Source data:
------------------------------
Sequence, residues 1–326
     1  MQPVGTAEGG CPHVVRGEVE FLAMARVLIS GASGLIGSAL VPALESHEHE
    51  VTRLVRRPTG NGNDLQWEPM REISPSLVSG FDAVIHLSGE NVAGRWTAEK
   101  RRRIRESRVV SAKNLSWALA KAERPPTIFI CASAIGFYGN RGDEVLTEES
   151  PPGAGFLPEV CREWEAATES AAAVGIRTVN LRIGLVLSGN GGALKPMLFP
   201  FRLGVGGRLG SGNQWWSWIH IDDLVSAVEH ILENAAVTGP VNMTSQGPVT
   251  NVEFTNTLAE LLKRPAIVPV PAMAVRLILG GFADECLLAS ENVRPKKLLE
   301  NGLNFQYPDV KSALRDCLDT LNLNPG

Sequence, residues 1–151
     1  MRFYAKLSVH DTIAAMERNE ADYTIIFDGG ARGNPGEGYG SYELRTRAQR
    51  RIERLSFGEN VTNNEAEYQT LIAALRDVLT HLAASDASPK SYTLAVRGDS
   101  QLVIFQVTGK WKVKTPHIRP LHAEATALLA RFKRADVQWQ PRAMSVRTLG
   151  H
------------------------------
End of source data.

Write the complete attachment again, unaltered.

Sequence, residues 1–326
     1  MQPVGTAEGG CPHVVRGEVE FLAMARVLIS GASGLIGSAL VPALESHEHE
    51  VTRLVRRPTG NGNDLQWEPM REISPSLVSG FDAVIHLSGE NVAGRWTAEK
   101  RRRIRESRVV SAKNLSWALA KAERPPTIFI CASAIGFYGN RGDEVLTEES
   151  PPGAGFLPEV CREWEAATES AAAVGIRTVN LRIGLVLSGN GGALKPMLFP
   201  FRLGVGGRLG SGNQWWSWIH IDDLVSAVEH ILENAAVTGP VNMTSQGPVT
   251  NVEFTNTLAE LLKRPAIVPV PAMAVRLILG GFADECLLAS ENVRPKKLLE
   301  NGLNFQYPDV KSALRDCLDT LNLNPG

Sequence, residues 1–151
     1  MRFYAKLSVH DTIAAMERNE ADYTIIFDGG ARGNPGEGYG SYELRTRAQR
    51  RIERLSFGEN VTNNEAEYQT LIAALRDVLT HLAASDASPK SYTLAVRGDS
   101  QLVIFQVTGK WKVKTPHIRP LHAEATALLA RFKRADVQWQ PRAMSVRTLG
   151  H